Reaver’s Hunt: Chapter Five


I had to shield her frail body, protect her. Dangers hid everywhere. Recci in the foothills, tulpi in the clouds, the threat under the ground. Capable as she was, her body could not stand up to savage predators.

But when I turned, she was pulled away from me, terror in her wide blue eyes.


Shivering, I opened my eyes. Dim firelight.

I knew this cave. When I was a fledgling, I would keep it stocked for long patrols. How did I come to be here?

With a jerk, I thought of her. My golden gift. Where—

In my arms, I found her sleeping form. Good. Protect her. Carefully, soundlessly, I wrapped us both in my wings.

Though I fought to guard her, I slid back into troubled sleep. Tremors shook me. Nightmares chased me, my flight slowed by an unknown force. I stood in a group of my fellow Sen’ki.

All of them spoke to me, voices lilting, as if in question.

I could understand none of them.


The mellifluous voice woke me. The moment I opened my wings, the last of the dying fire brightened her hair, her softly curved face. Blue eyes bore into mine.

She wiggled, wanting freedom.

I should not free her. The world was dangerous.

But she wiggled more fiercely, and I let her out of my arms. For a moment, she hopped on one foot, the dance interesting.

After a moment, she could walk again. She moved to the coals of the fire, stoking it alight again with fresh fuel. Then she moved to cover me with furs.

When I tried to rise, to push them away, she pushed me back.

Strange. This was important to her.

Therefore, I would allow it.

She moved away, and darkness took me again.

Water. Her cool hand on my face. Underdwellers watching us from the flickering shadows. Thoughts colliding without sense.

We could not stay here. The cavern was too dangerous.

I rose, watching the female place cold ashes from the fire on her hides. Face bright, she made words at me. Could she not sense the peril closing in around us?

Dizzy, I steadied myself against the cave wall. “We must flee. Why can you not understand me? They’re all around—everywhere.”


Her tone turned querulous. I ignored it. Even in my weakened state, her tiny body could not match my strength. Escape was of the essence.

She squawked and slapped at me when I picked her up. The fuss she made hurt my head, my brain. After a moment, she gathered her things. Then, protest or no, I scooped her up and quickly moved to the outside.

Had time passed at all? Oh. Yes. That was sunset, not sunrise. How had I gotten so turned around? Gripping her soft body to mine, I took flight.

For the briefest of moments, I thought my wings did not have the strength, that we would plummet to the ground. But then we were airborne.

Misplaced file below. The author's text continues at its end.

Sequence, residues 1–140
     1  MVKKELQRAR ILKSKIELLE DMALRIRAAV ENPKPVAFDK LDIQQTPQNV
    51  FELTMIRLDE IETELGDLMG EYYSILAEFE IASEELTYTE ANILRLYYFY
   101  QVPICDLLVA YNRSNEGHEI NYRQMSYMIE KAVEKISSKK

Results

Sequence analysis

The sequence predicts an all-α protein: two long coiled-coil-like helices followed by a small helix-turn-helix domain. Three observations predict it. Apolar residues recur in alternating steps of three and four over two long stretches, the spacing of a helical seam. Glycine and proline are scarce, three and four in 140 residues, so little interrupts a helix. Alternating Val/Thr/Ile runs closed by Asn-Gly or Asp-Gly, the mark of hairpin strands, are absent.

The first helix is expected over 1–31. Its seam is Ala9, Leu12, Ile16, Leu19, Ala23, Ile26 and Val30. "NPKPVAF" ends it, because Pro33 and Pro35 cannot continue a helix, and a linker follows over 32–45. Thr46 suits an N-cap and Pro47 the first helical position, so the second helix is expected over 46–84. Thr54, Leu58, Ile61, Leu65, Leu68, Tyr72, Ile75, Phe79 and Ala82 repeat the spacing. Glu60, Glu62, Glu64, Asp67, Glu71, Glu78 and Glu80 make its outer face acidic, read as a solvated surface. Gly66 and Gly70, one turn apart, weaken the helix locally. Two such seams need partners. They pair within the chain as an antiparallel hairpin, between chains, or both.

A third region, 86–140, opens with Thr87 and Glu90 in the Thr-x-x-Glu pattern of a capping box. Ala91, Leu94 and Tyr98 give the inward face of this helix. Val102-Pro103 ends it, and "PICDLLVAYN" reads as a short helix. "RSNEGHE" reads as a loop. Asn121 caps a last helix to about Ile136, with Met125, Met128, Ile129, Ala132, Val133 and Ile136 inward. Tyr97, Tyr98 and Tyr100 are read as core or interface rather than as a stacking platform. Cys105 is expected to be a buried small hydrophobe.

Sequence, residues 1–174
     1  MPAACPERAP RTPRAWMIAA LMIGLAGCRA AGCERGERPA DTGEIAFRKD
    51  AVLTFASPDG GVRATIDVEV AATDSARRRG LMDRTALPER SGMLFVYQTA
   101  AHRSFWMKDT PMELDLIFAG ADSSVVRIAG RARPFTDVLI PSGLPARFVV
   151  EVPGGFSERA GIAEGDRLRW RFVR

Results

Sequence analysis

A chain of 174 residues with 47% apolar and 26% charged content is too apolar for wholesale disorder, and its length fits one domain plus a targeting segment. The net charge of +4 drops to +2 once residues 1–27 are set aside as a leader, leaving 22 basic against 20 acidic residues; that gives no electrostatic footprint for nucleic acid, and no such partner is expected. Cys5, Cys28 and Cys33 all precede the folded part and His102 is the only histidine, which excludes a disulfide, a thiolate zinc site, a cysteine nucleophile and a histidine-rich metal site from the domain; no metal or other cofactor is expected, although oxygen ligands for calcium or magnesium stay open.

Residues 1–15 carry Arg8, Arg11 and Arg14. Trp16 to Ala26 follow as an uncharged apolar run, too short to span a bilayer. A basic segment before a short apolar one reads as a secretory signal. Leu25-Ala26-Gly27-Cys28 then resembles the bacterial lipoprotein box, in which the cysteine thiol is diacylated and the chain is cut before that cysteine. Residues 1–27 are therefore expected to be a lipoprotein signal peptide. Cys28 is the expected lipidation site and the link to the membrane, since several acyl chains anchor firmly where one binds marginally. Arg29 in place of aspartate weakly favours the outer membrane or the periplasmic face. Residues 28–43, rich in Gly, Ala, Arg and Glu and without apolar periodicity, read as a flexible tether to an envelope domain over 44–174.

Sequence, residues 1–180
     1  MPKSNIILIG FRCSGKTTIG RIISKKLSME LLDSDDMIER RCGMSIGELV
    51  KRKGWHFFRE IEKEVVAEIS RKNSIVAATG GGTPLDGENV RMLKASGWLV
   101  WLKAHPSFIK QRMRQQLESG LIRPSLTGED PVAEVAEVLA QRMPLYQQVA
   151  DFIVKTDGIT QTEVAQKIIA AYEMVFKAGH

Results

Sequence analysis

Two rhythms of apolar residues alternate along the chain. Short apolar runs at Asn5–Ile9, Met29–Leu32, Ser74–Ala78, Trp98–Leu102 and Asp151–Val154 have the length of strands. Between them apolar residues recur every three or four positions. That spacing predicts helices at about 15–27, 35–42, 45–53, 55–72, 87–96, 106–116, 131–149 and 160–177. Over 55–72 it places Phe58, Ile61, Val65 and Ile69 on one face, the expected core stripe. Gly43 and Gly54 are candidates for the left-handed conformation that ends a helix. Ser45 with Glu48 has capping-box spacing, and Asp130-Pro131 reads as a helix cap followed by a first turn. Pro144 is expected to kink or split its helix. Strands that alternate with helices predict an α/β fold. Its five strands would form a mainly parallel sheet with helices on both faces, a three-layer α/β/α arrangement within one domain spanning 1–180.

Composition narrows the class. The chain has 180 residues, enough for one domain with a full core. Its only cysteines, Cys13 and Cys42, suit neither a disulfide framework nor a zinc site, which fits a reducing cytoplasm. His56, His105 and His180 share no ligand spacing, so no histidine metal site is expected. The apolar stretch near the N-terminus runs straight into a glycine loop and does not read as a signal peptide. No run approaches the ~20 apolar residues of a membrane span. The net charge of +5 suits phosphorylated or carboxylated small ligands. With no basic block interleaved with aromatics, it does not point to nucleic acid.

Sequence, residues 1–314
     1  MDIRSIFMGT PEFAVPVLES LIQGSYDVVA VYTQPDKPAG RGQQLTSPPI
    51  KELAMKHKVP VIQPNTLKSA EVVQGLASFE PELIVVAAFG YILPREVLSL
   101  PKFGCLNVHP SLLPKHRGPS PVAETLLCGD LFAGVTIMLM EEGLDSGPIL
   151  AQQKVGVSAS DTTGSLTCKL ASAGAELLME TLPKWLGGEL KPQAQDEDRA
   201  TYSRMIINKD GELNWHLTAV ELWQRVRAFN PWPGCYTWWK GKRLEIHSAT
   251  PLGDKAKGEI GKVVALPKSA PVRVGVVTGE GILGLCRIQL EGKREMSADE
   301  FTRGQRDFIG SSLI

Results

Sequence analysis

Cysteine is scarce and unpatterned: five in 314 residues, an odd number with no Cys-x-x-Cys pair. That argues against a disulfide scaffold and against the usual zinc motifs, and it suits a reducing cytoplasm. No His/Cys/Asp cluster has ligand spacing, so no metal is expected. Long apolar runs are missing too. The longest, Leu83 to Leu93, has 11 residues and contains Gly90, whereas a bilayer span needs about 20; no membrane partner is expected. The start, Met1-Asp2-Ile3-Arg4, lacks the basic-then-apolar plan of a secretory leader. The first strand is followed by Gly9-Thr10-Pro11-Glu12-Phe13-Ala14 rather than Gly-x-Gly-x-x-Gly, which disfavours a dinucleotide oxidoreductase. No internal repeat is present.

Below us, the setting sun lit the vast planes. Pink and blue blossoms of endless wildflowers submerged in dark as we traveled.

I flew on. A broad, slow river, ripples shown in the light of the big moon. It brightened the clouds as well. I searched for sky predators as we moved on.

Then, as the other two moons rose, they were reflected in smooth, obsidian waters. I blinked. There should be a city on the shores of that lake.

Thoughts tangled, I kept on. Heading for safety. Unsure where that was.

Slopes became covered in orange and blue. The striped flowers of silla gave off their heady scent. Soon, they would be under the snow, their riotous colors lost until the next season.

My female squirmed in my grip. She whispered her nonsense words into my ear. The combination of these two things sent a slow burn through my body. How could I be this close to her without—

She wanted me to land, I understood. For a time, I scouted, seeking a suitable place. Trees stood thin in higher elevations, and I sought a landing site.

Pain flashed through me, without source. The skies brightened, darkened, with moons or without and still I flew on in a daze.

We were beyond Sen’ki territory now. There were no shelters maintained. A fallen log to sit on was the best I could do.

She moved away and I caught at her hand.


Her face softened, her cool hand pressed to my cheek.


Good. I knew that word.

And if my golden one said it was so, I must believe her.

She trotted off to tend to her business. I stared south. There was something important to the south. A safe place. I couldn’t remember what it was.

It was so hard to think. Fever burned. I splashed water from the skin on my face.

Throbbing in my arm drew my attention. The cuts had turned black, the entire upper arm turned a dark shade of unhealthy purple. When I made a fist, I grunted in pain.

Fussing sounds. The golden one. She gasped at my arm, theen she tried to talk to me. She raised the waterskin. Pointed at the fire I’d struck.

I shook my head. The fire was only for eating. Then, we would continue.

When she tried to argue, I grabbed her by both arms. With a stern look, making certain she paid attention, I shook my head and spoke one of her few words. “No.”

She tried to respond. I heard “bad” and “no” but I waved my hands. I pointed at the food. Then I pointed at the sky.

There was nothing more to say.

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